Graduate students experience study

Donna Sayman, School of Education (email • faculty page)

Heidi Cornell, School of Education (email • faculty page)

Sayman and Cornell are conducting a qualitative exploratory study to examine the experiences of their graduate students (who are also full-time special education teachers) during the COVID-19 pandemic. They are exploring unique challenges, victories, and general experiences during this unique time our history. 


Mobile app for onsite medical assessment of suspected COVID-19 patients

Jeremy Patterson, Dean, Institute for Interdisciplinary Innovation  (email • faculty page)

Heidi Bell, associate dean and assistant professor, human performance studies (email • faculty page)

Bell and Patterson are supported by SWAY Medical to test viability of deploying mobile technology, conducting a physical assessment, collecting data and interpretation. A lab at Harvard will view the data and interpretation.

 

College of Health Professions

The effect of stay-at-home orders on Kansas COVID-19 numbers

Nicole Rogers, Chair and Associate Professor, Public Health Sciences (email  |  faculty page

Rogers, KUMC’S Robert Badgett and a team of senior medical students are looking at Kansas counties that were slow to implement stay-at-home measures and comparing with COVID-19 spread data. The study will also include ethnicity and cell phone mobility data. The team hopes to apply this deviant modeling method to look at a range of public health issues. 


Wichita State University student COVID-19 survey

Amy Drassen Ham, Clinical Professor,  Public Health Sciences (email • faculty page

Nikki Keene Woods, Associate Professor, Public Health Sciences (email • faculty page

Assessment of Information Sources, Knowledge and Beliefs about COVID-19 among Wichita State University Students – student survey on COVID-19 to support current WSU approaches to COVID-19 communications and help shape how and where the University continues making information available for students. Survey included questions on health literacy, media use, and COVID-19 knowledge and beliefs. 


Women's Health Network COVID-19 survey

Nikki Keene Woods, Associate Professor, Public Health Sciences (email • faculty page

Wichita State University will be hosting a Women’s Health Network of Kansas virtual panel discussion on women’s mental health and COVID-19 and issuing a survey to assess COVID-19 related health disparities, and health care access and needs of network members. The research is funded by the Patient-Centered Outcomes Research Institute.

 

College of Engineering

Nanofiber PPE facemasks

Ramazan Asmatulu, Professor, Mechanical Engineering  (email • faculty page)

Jeremy Patterson, Dean, Institute for Interdisciplinary Innovation  (email • faculty page)

Asmatulu and Patterson are building on an existing WSU research project to create nanofiber inserts for gloves in the EVA spacesuits for NASA. They are hoping to convert their designs into for facemasks as PPE that are more effective than N95 and that can also be disinfected.


Temporary stethoscopes

Joel White, Research Engineer Senior, Composites and Structures, National Institute for Aviation Research (email)

Rob Gerlach, Director of Intellectual Property & Tech Transfer, WSU Ventures (email)

Airbus (through the Ad Astra Coalition)

Ad Astra Coalition partners Wichita State and Airbus are working to create a temporary, disposable stethoscope made out of various 3D printed components. Roughly 65 percent of the total 2,000 stethoscopes will be produced at the College of Engineering’s Project Innovation Hub in John Bardo Center with design assistance from the National Institute for Aviation Research.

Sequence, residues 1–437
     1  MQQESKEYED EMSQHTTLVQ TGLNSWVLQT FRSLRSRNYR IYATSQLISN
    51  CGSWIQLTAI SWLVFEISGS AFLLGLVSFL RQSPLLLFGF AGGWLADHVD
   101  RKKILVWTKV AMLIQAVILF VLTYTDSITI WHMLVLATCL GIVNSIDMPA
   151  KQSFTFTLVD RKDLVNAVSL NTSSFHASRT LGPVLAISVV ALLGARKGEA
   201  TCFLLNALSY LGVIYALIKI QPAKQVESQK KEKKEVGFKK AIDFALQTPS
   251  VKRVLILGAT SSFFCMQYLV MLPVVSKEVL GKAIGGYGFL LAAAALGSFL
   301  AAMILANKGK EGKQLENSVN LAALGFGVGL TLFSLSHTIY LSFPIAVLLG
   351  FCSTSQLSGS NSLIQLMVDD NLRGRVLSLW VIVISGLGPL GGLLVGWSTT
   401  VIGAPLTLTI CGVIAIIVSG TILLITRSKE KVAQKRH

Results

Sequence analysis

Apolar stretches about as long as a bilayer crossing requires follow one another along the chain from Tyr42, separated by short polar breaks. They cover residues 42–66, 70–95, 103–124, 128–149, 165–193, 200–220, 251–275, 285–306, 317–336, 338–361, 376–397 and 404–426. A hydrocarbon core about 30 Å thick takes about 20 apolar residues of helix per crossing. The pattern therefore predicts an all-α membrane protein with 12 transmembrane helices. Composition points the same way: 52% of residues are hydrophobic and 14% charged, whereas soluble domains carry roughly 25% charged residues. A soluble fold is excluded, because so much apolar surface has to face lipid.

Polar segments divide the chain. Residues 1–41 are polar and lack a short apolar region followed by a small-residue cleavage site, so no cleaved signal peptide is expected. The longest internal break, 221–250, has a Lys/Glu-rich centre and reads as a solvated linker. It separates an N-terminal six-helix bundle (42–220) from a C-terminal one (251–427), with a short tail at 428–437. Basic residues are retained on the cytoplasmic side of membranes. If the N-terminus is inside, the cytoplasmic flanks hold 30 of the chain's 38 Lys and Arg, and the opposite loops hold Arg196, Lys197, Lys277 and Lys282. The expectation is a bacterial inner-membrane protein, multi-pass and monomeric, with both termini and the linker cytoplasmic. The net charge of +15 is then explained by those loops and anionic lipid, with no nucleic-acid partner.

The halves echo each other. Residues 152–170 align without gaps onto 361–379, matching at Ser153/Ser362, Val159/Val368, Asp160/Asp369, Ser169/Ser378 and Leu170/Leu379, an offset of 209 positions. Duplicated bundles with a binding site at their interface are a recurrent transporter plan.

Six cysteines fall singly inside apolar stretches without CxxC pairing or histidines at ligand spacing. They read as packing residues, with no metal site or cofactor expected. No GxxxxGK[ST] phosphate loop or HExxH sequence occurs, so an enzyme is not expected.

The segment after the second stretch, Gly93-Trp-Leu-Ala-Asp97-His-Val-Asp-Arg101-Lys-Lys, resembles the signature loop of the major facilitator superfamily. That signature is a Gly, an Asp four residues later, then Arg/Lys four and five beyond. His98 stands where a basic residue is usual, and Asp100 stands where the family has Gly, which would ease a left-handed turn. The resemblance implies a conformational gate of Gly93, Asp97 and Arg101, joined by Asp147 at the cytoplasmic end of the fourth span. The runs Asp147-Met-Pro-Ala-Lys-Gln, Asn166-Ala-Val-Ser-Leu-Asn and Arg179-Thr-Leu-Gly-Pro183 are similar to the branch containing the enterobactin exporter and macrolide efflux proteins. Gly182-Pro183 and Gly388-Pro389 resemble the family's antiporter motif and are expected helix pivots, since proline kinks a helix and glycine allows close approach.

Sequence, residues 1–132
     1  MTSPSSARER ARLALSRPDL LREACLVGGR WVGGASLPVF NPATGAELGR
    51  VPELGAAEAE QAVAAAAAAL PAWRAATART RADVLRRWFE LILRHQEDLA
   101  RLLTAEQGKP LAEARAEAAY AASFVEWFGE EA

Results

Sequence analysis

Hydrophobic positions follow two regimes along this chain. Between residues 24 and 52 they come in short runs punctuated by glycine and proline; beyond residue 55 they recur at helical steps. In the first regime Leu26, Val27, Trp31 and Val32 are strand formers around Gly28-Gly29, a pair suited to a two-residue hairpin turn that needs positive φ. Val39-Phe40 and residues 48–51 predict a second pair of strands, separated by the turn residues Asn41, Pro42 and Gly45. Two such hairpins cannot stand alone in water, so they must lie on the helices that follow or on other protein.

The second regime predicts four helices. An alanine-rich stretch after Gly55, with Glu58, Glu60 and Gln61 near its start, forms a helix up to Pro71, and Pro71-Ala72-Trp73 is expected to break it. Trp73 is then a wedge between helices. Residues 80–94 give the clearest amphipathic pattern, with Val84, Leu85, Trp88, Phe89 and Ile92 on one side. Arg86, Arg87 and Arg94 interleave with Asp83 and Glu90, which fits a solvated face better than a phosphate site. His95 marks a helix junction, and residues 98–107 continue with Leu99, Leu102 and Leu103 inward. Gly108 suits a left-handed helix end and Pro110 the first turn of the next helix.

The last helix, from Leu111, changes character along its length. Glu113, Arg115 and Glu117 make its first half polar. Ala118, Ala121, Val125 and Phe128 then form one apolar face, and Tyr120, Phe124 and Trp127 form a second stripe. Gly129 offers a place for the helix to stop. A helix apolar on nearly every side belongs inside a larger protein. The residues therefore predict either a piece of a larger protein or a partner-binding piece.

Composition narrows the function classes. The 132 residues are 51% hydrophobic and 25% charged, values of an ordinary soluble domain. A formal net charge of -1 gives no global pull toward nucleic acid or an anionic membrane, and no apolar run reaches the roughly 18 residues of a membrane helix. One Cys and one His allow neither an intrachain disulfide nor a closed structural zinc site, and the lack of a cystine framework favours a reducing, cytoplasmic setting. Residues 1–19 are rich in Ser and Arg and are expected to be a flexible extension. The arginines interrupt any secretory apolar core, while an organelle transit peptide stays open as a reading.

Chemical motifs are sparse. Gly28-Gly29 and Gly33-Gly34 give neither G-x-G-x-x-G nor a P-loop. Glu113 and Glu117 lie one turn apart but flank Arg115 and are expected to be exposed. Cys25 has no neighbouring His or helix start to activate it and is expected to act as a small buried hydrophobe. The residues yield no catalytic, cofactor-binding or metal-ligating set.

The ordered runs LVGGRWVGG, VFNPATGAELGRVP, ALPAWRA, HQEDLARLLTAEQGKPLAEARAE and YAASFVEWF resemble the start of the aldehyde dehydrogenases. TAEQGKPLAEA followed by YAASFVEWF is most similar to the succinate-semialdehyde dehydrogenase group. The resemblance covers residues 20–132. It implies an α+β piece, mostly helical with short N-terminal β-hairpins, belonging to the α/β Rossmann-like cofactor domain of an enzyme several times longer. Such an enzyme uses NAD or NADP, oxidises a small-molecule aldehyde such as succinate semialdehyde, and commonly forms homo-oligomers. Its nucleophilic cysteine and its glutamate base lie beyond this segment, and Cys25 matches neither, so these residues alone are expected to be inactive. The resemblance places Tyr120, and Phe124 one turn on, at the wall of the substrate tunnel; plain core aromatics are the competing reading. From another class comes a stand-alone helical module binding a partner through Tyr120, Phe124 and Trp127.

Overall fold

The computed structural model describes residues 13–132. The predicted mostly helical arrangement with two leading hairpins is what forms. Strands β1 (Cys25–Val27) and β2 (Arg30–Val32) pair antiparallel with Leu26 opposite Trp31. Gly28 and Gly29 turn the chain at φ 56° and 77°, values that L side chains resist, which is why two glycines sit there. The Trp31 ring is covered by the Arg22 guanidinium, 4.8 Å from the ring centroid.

Autoclaving methods to sterilize PPE

Mark Schneegurt, Professor, Biological Sciences (email • faculty page)

National Institute for Aviation Research (through the Ad Astra Coalition)

This Ad Astra Coalition initiative is being led by the National Institute for Aviation Research and Biological Sciences Professor Mark Schneegurt. Schneegurt has been providing updates to the NIAR team about potential new sterilization methods for Personal Protective Equipment.


Prediction of COVID-19 Epidemics

Dukka KC, Associate Professor and Director for Data Analytics, Electrical Engineering and Computer Science (email • faculty page);

Dukka KC is applying deep learning techniques to model and predict the progression of COVID-19 pandemic a

 

Center for Economic Development and Business Research

COVID-19 Business Impact Visualizations

Jeremy Hill, Director, CEDBR (email • website )

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The manual services industries have been the hardest-hit from the COVID-19 crisis. To highlight these vulnerable industries, the Center for Economic Development and Business Research at Wichita State University has developed interactive visualizations. These interactive graphics show the size and level of concentration of the ten hardest hit service sectors by state. Users will be able to generate their own custom graphics to highlight and understand the vulnerability by state or industry.

COVID-19 Vulnerability by State

The state selection visualization shows the concentration of vulnerable workers by the ten hardest hit manual service sectors. The graphics identify the number of jobs and total wages, which provides an in-depth analysis the level of vulnerability within the state.


COVID-19 Vulnerability by Industry

The industry selection visualization filters the information by the ten most vulnerable manual industries. The information for each industry is broken down by the concentration of employment and other details for all states. This allows for an overview of how each of these ten vulnerable industries are concentrated across the nation.


COVID-19 State Comparison

The state comparison visualization provides a broader view of how each of the ten vulnerable industries are concentrated across the nation. The multi state view can be customized to any combination of states for further analysis.